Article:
Fayette County Schools has recommended 5 applicants to the school board for consideration in the search for the a new superintendent. Any chance they took these superintendent hiring suggestions into account?
Via Ezra Klein:
Forget Paul Ryan, appropriations chair Hal Rogers is the real GOP hatchet man, writes Suzy Khimm: “Two weeks ago, Rep. Hal Rogers (R-Ky.), chairman of the House Appropriations Committee, made the GOP’s next big move to slash spending for social programs. In a little-noticed proposal, Rogers detailed how the GOP wants to inflict the pain of more than $1 trillion in unspecified discretionary spending cuts contained in Ryan’s 2012 budget, which passed the House in April…Under his proposal, the poor and the working class will be hardest-hit. On Tuesday, Rogers kicked off the GOP’s budget-cutting party in the House, deciding which programs should pay the price. Rogers has focused on capping labor, health, and education spending at $139 billion–$18 billion less than the 2011 budget and $41 billion below what President Obama proposed in his own 2012 budget.”
The key words here are “unspecified discretionary spending cuts,” which means there’s no need yet for any constituency to step forward and demand that their particular programs be restored. It’s very easy to vote for spending cuts when the cuts aren’t yet named.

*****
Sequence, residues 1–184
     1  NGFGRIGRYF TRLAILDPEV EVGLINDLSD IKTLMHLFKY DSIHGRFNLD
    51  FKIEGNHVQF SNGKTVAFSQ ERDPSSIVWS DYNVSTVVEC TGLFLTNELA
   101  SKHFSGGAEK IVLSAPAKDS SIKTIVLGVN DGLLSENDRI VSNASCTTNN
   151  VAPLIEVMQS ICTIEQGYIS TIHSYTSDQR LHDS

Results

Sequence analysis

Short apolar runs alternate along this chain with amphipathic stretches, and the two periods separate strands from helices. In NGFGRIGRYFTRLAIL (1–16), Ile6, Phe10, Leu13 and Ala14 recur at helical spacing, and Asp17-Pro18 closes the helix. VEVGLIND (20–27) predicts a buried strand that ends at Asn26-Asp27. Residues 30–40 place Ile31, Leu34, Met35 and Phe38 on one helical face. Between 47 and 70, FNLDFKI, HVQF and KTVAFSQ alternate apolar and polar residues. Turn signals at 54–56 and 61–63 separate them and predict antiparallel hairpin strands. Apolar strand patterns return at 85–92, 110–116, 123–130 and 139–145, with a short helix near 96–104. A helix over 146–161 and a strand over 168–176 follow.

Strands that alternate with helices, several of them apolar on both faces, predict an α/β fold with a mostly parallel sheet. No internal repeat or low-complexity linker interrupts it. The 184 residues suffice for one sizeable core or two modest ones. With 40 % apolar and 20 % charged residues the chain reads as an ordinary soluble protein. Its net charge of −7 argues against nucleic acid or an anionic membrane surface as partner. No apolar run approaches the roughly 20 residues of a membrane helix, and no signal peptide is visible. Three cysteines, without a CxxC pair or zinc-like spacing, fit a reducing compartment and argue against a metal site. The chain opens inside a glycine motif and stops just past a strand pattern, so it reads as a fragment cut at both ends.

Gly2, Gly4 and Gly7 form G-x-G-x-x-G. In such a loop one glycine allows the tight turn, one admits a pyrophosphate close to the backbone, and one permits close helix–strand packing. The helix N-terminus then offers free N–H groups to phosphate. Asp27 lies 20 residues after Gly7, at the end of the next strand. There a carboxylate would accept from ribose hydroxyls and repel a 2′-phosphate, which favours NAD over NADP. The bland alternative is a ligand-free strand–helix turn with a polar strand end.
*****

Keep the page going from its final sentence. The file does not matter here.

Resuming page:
“Today there is uncertainty over taxes, over our national debt and over future regulation. That’s not a climate for real economic growth.
“If we want more jobs, let’s ask Congress to get out of the way of the certainty and optimism that lead to economic growth and jobs in the real economy.” –Terry Savage, “The Savage Truth,” as it appeared The (Louisville) Voice-Tribune, May 19, 2001
Without charter schools, Kentucky is once again set up to miss out on Race to the Top funding.
The Obama administration announced today that it will release a third round of RttT cash. Kentucky and eight other states are eligible to compete for a $10 million to $50 million slice each of the third round’s $200 million pie — much smaller than the first two phases totaling $4.35 billion.
But state education officials are questioning whether to participate, since the results will likely be the same again. The Lexington Herald-Leader reported today that Kentucky Department of Education spokeswoman Lisa Gross said: “If charters remain a key requirement in the third round, it might not be beneficial for Kentucky to apply.”
Probably not, considering every single one of the other eligible states —
Arizona, California, Colorado, Illinois, Louisiana, Pennsylvania, New Jersey and South Carolina — allow charter schools.
States that won RttT funding in the first two rounds also allow charter schools: Delaware ($100 million), Florida ($700 million), Georgia ($400 million), Hawaii ($75 million), Maryland ($250 million), Massachusetts ($250 million), New York ($700 million), North Carolina ($400 million), Ohio ($400 million), Rhode Island ($75 million) and Tennessee ($500 million).